The Comal County Conservation Alliance asked county commissioners Tuesday for a written endorsement of its goals as a complement for future grant applications, but came away empty.
Helen Ballew, Great Springs project director and CCCA vice president, said the pre-crafted letter on county letterhead, the county’s request for CCCA advice and technical assistance on environmental issues, would help the organization secure regional funding.
“The county isn’t obligated in any way by signing this letter – there’s no commitment stated or implied on its part,” she said. “But the letter is part of a regional effort to receive grant funding that includes other counties with needs and opportunities similar to those in Comal County.”
Ballew couldn’t say which grants CCCA was pursuing, their total funding amounts and which purposes they would serve, leading commissioners to hesitate.
“Do you need a letter from us pledging support or is it us asking for your advice or assistance?” County Judge Sherman Krause asked.
Ballew said a letter worded as a county request would have greater impact than a simple endorsement. The funds, totaling as much as $25,000, would partially fund surveys of residents on topics such as county purchases of land tracts to protect the endangered golden-cheeked warbler.
During open forum at the Oct. 10 commissioner’s meeting, CCCA proposed the county purchase 610 acres in two of seven tracts formerly part of the Old Boy Scout Camp off Farm-to-Market Road 32. The purchase would satisfy federal statute in providing the 500 contiguous acres for the golden-cheeked warbler under the county’s Regional Habitat Conservation Plan.
Krause said he and Precinct 2 Commissioner Scott Haag have been in discussions with CCCA on several topics during recent weeks. Haag was concerned about the high costs associated with the land purchases and their possible affects on property taxes.
“That’s my biggest concern,” he said. “Everyone in this room would like to conserve property – that’s not the real issue,” he said. “It’s spending county money, and we have many taxpayers on fixed incomes.”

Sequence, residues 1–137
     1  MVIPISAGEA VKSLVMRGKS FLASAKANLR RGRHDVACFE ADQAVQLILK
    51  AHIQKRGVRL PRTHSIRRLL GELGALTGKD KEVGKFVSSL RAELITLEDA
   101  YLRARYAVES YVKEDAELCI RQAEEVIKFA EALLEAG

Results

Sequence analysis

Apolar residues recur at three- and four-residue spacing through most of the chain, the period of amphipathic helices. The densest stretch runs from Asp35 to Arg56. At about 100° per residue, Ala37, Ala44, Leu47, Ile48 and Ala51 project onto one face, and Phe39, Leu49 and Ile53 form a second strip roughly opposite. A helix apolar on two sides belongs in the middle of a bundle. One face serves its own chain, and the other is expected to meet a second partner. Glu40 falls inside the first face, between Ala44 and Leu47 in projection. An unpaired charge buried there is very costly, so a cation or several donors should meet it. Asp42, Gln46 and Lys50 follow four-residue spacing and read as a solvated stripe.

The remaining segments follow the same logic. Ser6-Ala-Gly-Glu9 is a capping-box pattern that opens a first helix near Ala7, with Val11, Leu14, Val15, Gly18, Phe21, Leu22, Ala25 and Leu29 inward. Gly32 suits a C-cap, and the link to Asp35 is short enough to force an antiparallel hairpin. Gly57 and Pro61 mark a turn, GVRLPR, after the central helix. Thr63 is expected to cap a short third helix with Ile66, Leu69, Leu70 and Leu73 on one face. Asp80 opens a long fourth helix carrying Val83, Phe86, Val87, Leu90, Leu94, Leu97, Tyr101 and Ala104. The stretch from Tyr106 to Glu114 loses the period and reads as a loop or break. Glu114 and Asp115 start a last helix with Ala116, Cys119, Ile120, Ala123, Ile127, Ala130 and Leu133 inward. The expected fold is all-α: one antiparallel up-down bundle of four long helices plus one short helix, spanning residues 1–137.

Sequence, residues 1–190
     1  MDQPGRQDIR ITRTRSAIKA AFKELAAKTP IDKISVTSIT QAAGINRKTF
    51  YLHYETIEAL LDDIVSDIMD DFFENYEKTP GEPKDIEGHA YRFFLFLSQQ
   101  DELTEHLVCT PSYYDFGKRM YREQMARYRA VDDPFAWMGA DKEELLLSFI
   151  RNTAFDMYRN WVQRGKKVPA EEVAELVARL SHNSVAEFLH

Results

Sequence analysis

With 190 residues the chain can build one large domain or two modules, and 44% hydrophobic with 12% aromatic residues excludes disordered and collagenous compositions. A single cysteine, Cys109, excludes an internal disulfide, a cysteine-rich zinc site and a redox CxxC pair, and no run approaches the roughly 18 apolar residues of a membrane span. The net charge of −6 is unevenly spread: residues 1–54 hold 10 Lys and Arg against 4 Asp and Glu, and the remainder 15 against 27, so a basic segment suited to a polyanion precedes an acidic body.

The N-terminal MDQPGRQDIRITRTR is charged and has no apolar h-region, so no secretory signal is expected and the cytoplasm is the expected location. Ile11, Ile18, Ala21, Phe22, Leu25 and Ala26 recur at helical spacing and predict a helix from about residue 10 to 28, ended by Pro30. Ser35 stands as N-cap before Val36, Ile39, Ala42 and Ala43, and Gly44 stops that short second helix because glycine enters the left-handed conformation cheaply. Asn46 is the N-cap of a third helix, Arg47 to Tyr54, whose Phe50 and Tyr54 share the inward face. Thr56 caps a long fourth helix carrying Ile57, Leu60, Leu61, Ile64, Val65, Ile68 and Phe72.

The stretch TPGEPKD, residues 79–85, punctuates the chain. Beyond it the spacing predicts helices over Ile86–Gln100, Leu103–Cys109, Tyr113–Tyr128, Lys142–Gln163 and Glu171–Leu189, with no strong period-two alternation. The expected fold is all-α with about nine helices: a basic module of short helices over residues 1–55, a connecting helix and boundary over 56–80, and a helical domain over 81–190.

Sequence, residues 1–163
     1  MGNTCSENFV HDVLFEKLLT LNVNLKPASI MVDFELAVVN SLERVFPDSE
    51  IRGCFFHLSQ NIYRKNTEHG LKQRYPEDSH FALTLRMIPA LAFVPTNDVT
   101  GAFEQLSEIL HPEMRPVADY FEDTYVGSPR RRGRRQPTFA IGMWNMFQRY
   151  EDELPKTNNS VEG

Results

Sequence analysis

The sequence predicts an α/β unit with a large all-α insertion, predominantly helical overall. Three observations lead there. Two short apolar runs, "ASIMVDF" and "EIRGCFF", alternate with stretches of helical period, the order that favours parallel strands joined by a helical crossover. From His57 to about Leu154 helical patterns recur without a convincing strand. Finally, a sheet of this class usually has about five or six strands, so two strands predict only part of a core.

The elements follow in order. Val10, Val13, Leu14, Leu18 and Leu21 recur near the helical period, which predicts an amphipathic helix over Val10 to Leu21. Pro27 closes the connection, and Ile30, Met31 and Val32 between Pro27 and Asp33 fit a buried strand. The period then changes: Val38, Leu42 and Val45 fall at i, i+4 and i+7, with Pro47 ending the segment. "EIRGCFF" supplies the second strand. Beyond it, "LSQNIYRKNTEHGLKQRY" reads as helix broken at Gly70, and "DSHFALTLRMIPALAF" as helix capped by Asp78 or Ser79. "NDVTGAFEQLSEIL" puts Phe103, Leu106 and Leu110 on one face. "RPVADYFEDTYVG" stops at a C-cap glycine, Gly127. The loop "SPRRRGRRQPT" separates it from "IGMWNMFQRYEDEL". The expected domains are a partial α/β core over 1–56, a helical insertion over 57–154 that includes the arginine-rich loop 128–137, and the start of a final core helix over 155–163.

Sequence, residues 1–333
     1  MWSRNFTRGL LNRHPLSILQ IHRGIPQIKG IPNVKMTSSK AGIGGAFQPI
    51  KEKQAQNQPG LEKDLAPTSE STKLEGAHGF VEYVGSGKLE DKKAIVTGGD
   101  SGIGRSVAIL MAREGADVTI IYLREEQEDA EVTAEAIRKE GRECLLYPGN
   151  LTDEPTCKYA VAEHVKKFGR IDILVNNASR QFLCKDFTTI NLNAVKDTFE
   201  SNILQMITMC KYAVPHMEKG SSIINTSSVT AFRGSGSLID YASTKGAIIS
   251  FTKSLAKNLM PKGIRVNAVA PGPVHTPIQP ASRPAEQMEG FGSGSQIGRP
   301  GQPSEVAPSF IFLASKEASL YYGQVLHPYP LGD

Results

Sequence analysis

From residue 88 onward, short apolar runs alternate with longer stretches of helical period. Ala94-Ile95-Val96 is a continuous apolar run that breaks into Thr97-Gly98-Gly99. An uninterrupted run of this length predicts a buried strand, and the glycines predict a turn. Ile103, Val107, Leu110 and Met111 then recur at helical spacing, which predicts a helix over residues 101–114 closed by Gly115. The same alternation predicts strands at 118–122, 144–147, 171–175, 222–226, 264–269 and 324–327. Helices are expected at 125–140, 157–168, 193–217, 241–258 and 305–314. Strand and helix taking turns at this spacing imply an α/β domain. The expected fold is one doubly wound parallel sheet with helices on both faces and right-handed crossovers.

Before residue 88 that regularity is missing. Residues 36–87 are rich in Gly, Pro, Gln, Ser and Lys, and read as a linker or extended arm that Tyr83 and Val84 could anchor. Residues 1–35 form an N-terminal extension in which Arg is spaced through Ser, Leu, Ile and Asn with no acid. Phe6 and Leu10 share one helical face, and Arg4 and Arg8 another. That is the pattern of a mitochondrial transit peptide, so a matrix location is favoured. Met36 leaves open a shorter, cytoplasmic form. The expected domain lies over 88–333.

After Precinct 1 Commissioner Donna Eccleston expressed similar concerns, Ballew shifted discussion back to the letter, which commissioners felt could be misconstrued. Precinct 4 Commissioner Jen Crownover moved to approve it, but it failed for lack of a second. Commissioners pledged, however, to continue working with CCCA on mutually agreeable solutions.
Also Tuesday, Purchasing Director Ramona Womack reported that the cost for the furniture, fixtures and equipment (FF&E) package for the new jail would be far less than expected.
Womack said value engineering measures, transferring usable fixtures from the current jail, and pricing options for new equipment reduced the budgeted $1,743,436 down to around $891,425.
“We haven’t yet identified contractors (to provide) every single piece so we’re asking you to approve the budgeted amount as the (ceiling) so we can begin making purchases,” she said.
“It’s nice to see something come under budget,” Crownover said.
In other moves Tuesday, commissioners:
•Approved an amended plat combining lots in the Vintage Oaks at the Vineyard subdivision; revising a street name for a private road located in the county; the treasurer’s monthly report for October 2019.
•Approved renewing an interlocal cost sharing agreement between the county and city of New Braunfels regarding public transportation services.
•Took no action on an order prohibiting outdoor burning in unincorporated county areas.
•Approved assigning the county’s allotment of votes for candidates to Comal Appraisal District’s board of directors to incumbent John Tyler.
•Approved line-item budget transfers to cover fuel and other remaining 2019 expenses for the Precinct 4 constable’s office ($2,800) and sheriff’s office ($99,165).
To access Tuesday’s meeting video and agenda, visit www.co.comal.tx.us/agenda.htm.